As the boots of Thailand’s military beat the Bangkok streets – yet again – are we seeing a coup – yet again?
The military are claiming that they are merely restoring order and bringing an end to the merry-go-round of political instability plaguing the country for so long.
But whether its seen as another hostile takeover in a long line of hostile takeovers by the country’s armed forces (18 since 1932), all depends on how you read the constitution, says Australian National University expert Dr John Blaxland.
He says that Thai army chief Prayuth Chan-ocha has invoked a little known legal clause which authorises the military to act in the face of the breakdown of order.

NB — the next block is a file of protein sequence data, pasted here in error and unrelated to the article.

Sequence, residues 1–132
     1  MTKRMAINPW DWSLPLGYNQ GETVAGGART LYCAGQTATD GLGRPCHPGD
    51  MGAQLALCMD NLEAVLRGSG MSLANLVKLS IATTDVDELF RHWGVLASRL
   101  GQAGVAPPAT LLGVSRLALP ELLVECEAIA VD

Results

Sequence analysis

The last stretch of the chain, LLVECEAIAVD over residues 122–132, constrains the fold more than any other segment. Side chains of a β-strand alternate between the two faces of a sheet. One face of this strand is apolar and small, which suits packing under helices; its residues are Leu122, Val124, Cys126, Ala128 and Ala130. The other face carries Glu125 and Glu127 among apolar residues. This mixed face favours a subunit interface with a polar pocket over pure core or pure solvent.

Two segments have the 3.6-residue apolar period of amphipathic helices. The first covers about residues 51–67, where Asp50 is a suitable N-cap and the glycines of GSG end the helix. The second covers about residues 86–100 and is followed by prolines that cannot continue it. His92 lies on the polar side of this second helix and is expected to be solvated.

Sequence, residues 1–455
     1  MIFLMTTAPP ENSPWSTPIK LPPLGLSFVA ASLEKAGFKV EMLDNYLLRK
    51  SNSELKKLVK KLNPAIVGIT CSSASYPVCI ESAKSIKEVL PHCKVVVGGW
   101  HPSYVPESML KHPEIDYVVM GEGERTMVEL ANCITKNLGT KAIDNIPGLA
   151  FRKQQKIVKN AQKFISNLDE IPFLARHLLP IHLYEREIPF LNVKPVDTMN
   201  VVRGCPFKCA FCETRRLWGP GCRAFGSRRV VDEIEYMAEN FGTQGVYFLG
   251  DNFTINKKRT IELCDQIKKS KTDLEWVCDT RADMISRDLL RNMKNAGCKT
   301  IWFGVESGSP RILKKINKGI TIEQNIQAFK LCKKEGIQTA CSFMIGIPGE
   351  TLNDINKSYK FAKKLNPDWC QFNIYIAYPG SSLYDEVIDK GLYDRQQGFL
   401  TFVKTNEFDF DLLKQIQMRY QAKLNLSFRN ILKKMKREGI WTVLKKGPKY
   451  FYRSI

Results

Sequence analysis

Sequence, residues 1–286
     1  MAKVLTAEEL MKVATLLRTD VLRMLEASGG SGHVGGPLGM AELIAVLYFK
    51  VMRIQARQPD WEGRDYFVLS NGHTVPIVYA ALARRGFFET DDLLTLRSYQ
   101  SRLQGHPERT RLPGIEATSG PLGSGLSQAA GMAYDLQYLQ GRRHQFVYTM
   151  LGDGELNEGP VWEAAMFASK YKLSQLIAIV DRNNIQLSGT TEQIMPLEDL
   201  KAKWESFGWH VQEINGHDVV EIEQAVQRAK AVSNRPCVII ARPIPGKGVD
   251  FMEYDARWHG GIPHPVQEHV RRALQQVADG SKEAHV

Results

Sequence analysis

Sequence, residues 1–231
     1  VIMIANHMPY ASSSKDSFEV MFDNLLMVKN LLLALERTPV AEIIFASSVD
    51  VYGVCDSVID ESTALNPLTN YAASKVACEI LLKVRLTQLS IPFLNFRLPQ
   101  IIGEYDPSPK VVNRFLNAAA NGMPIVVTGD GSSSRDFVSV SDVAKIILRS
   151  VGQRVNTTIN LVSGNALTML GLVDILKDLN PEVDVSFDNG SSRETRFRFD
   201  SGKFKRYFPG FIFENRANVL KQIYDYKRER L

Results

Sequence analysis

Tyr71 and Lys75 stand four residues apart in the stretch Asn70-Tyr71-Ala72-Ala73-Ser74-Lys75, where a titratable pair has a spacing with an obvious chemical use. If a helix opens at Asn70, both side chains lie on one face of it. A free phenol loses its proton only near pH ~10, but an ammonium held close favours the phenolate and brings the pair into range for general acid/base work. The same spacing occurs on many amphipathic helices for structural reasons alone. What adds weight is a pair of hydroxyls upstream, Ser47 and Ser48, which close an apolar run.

“He hasn’t abrogated the constitution nor removed the acting interim prime minister, Niwatthamrong Boonsongphaisan,” he told the ANU College of Asia and the Pacific on Tuesday.
“By declaring martial law, what he’s done is generate a circuit breaker to prevent an imminent violent clash.
“But whether or not he will be successful is another matter.”
However, Blaxland notes that in the eyes of some experts, the Army’s actions constitute a legal grey zone, which may have technically breached the constitution.
“At the moment politics in Thailand are extremely fraught and tenuous,” he says.
Whether military muscle is the way to harden the country’s democratic credentials is another question entirely.
Read the full story at the ANU College of Asia and the Pacific website.